– Volume AND open interest both decreasing favors lower prices or upcoming trend reversal
Less reliable indications
– Volume up, but open interest down, signals a changing market
– Volume down, but open interest up, usually signals a market gathering momentum to move higher (however, it’s good to keep in mind that if such a push upward fails, then the market is likely to reverse sharply to the downside as all of those newly opened interests get stopped out or dive for cover)
Volume and open interest numbers tend to diverge when a market’s direction is uncertain, or when there simply is no overall or long term direction (that is, when the market is simply a “trading range market“). By the way, there’s nothing wrong with a trading range market, as long as you can accurately identify the trading range. I’ve seen traders make a lot of money just selling near the top and buying near the bottom of a narrow trading range that stays in place for several hours, or even several days or weeks.
From this point forward, I’m just going to talk about volume, because in forex trading in the major pairs, that indicator fluctuates significantly more than open interest does. Let’s take a look at some volume readings and how you might apply them in an actual trading situation. Consider the Aud/Usd chart below (oh, ignore my note on the chart, “Entered here” – that’s got nothing to do with this discussion):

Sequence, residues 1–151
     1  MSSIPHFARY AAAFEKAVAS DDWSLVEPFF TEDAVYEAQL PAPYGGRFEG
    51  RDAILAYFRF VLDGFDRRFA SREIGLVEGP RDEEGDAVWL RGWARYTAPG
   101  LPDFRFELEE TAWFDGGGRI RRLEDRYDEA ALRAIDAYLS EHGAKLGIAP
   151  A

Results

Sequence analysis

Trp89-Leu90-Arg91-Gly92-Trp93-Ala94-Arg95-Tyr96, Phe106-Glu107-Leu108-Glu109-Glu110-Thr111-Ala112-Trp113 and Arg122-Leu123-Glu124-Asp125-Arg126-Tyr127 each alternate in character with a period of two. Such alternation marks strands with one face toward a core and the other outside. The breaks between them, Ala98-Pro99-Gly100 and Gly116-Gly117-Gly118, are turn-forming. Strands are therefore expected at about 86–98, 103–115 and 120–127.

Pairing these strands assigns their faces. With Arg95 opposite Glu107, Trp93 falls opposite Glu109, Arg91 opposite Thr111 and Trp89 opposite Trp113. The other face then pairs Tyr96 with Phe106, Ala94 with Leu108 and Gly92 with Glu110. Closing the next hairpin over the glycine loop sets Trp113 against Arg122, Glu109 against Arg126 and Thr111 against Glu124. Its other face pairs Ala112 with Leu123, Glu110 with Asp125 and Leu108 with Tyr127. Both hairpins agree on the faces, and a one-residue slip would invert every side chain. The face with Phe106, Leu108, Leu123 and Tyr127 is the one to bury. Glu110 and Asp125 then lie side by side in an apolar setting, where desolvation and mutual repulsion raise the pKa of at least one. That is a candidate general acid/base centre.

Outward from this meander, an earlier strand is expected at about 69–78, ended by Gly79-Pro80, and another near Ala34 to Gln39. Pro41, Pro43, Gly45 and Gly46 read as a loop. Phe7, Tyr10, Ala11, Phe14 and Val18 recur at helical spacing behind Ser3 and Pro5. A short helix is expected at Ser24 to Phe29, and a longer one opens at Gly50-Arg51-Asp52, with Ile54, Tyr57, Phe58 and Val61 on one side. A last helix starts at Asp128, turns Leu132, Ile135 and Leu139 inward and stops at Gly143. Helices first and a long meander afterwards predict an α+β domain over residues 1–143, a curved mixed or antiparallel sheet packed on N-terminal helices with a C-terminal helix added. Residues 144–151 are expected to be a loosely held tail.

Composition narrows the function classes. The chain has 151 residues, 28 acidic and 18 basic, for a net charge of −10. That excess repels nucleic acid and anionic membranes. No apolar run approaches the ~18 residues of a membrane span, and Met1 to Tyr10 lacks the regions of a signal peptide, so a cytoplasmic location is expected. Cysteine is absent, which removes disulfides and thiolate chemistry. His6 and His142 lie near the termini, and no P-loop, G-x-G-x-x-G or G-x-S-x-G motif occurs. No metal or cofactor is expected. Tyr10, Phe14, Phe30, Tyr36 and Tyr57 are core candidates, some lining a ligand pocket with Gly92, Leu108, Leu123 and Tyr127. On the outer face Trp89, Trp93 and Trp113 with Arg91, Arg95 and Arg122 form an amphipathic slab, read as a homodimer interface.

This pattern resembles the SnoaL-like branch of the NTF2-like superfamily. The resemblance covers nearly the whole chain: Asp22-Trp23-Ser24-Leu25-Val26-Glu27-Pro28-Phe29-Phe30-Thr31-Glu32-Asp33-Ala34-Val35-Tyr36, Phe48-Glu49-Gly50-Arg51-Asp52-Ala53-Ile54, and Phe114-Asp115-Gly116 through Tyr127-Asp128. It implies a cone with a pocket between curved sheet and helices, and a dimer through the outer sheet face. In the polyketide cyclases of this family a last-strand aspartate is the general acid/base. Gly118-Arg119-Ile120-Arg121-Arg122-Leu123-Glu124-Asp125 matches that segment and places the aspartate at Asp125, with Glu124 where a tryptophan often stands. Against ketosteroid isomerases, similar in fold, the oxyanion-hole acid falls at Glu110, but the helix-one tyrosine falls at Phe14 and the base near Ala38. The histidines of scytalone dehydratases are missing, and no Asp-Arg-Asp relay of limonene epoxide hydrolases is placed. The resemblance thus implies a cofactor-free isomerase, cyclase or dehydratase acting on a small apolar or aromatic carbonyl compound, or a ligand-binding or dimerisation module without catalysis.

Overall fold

Starting with the left hand side of the chart, note how after price has been flatlined and volume relatively low, volume increases markedly as soon as the market begins a significant move to higher price levels. But then note how, 3 or 4 candles later, although the market continues to push higher in price, volume begins to steadily drop off. This is a potential clue that buying interest is drying up at the higher price levels. Then just as price falls below the 10 EMA, and just before the 5 EMA crosses to the downside of the 10 EMA, volume begins to pick up. So there’s another indication that the market is spent at the higher price levels and will likely turn lower. Finally, looking at the far right hand side of the chart now, note the sudden sharp increase in volume that tends to confirm the change back to the upside just as the 5 EMA crosses back over the 10 EMA (and, looking back to the left, you can see that price has again moved above the price level where the previous move to higher prices started).